2. Kellam-WyAtt Farm
Places like this are rare in Raleigh. On their farm, which has been in Bob’s family for three generations, Bob Kellam and Susan Wyatt have helped keep our air and water clean. Their forests and lakes offer a sanctuary to hundreds of plants and animals. They have grown produce that many of us bought at local farmers markets, and they taught sustainable agriculture practices to the next generation of farmers. Working with the City of Oaks Foundation, Bob and Susan envisioned that Kellam-Wyatt Farm could become a place for environmental education and sustainable farming for future generations, and protected the land with a conservation easement.
Bob passed away in August of 2016, but Susan and herstep-daughter Leewyn Kellam continued to work with the Foundation to realize their shared vision. Through the efforts by the City of Oaks Foundation to promote Bob and Susan's vision of this special place celebrating our community's natural and agricultural heritage, the Wake County County Commission voted in April of 2018 to accept donation of Kellam-Wyatt Farm as a future park, nature preserve or community agricultural site to share it with future generations.
The farm, a lush property featuring woods, lakes and trails, has been in Bob Kellam’s family for generations. Wyatt and Kellam, who met while working for the Environmental Protection Agency, began farming the land after retirement. They specialized in produce and pastured laying hens, and they sold their goods primarily through the farmers’ market and a small community-supported agriculture program. Their work at the EPA gave them a special appreciation for sustainable farming methods.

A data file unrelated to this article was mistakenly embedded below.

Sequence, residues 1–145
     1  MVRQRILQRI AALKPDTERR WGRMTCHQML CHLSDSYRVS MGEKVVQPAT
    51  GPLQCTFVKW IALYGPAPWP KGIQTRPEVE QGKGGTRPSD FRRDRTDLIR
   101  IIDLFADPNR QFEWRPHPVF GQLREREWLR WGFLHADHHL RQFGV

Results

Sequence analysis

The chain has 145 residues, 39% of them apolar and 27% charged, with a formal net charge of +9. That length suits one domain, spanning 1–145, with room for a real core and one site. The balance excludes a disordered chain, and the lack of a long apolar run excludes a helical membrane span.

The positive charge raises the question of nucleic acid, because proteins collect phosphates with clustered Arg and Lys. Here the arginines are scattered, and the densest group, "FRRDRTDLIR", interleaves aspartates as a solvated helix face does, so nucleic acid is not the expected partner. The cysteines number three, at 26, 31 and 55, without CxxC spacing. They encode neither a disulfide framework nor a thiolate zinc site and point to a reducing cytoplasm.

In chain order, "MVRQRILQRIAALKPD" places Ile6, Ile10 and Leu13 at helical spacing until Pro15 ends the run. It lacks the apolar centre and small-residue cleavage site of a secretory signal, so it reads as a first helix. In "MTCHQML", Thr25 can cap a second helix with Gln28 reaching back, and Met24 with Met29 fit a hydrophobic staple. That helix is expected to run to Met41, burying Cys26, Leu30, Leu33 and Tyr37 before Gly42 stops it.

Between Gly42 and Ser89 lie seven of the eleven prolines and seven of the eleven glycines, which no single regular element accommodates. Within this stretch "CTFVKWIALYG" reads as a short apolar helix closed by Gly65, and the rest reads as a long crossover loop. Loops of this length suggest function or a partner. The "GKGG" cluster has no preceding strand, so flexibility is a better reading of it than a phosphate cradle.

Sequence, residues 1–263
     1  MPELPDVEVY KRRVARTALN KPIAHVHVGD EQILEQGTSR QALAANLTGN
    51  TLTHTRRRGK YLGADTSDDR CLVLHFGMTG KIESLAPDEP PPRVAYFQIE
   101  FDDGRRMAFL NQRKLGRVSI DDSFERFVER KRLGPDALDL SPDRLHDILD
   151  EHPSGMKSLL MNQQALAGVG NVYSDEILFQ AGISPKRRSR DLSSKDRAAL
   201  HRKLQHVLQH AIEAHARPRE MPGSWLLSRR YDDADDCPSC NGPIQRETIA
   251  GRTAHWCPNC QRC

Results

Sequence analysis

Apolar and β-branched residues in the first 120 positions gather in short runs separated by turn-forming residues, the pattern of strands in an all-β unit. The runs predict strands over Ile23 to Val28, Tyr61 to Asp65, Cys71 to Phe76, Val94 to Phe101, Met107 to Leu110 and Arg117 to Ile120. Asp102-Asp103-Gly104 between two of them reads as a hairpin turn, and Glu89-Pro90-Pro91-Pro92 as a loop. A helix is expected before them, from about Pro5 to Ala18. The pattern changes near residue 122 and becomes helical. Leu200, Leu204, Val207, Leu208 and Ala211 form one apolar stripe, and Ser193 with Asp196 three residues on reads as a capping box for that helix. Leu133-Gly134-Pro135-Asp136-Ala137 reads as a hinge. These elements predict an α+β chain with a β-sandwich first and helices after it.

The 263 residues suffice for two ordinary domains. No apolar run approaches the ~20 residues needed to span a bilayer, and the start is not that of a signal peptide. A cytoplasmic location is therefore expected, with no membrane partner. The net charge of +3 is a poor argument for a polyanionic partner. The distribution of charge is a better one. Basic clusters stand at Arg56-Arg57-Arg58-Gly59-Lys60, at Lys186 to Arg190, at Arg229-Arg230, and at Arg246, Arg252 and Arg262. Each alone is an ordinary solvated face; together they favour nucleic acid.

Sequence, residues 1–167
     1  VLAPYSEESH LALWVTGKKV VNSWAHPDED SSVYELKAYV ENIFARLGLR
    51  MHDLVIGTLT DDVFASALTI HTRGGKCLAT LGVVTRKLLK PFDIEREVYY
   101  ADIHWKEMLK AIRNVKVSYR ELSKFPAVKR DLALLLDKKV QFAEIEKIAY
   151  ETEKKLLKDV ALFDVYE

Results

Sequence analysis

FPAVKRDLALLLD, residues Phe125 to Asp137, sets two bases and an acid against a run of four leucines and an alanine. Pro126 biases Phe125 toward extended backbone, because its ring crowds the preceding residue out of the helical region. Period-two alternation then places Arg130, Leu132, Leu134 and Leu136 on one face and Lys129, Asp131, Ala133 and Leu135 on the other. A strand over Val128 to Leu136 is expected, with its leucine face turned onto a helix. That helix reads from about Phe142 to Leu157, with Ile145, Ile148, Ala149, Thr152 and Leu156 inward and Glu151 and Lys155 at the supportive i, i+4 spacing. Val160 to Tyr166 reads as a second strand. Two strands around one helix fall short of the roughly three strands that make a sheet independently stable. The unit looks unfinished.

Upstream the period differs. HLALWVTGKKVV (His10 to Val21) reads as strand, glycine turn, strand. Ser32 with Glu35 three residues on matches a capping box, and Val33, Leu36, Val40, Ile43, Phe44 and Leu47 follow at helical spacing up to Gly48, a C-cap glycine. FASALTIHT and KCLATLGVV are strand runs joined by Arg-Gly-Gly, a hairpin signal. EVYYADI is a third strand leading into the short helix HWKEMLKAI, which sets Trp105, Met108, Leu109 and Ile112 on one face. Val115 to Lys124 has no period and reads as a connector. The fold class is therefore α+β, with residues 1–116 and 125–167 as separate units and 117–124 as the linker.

“My late husband, Bob Kellam, who grew up working on the farm, was a strong advocate for environmental protection and organically grown local food since the 1970s,” Susan Wyatt said. “He, his daughter, Leewyn, and I have enjoyed the beauty of the woods and ponds; the great herons, ospreys and other water birds; the singing of the toads and frogs; and local fresh vegetables and fruits from the fields for many years.
“As Wake County’s population has sky-rocketed, and fields and forests have been replaced with roofs and pavement, our determination to preserve and share open space with future generations has been reinforced. Through our visits to all of the county parks, our volunteer work with the County Extension Service and our association with the county Soil and Water Conservation Department, we have observed that Wake County shares our values of open space, environmental protection and sustainable agriculture, and we feel confident that Wake County Parks, Recreation and Open Space will be an excellent steward for the future of the farm.”
Kellam-Wyatt Farm is not yet open to the public. Wake County Parks, Recreation and Open Space staff, along with Wyatt and the City of Oaks Foundation, will begin master planning for open space preservation or use as a park, nature preserve or agricultural capacity.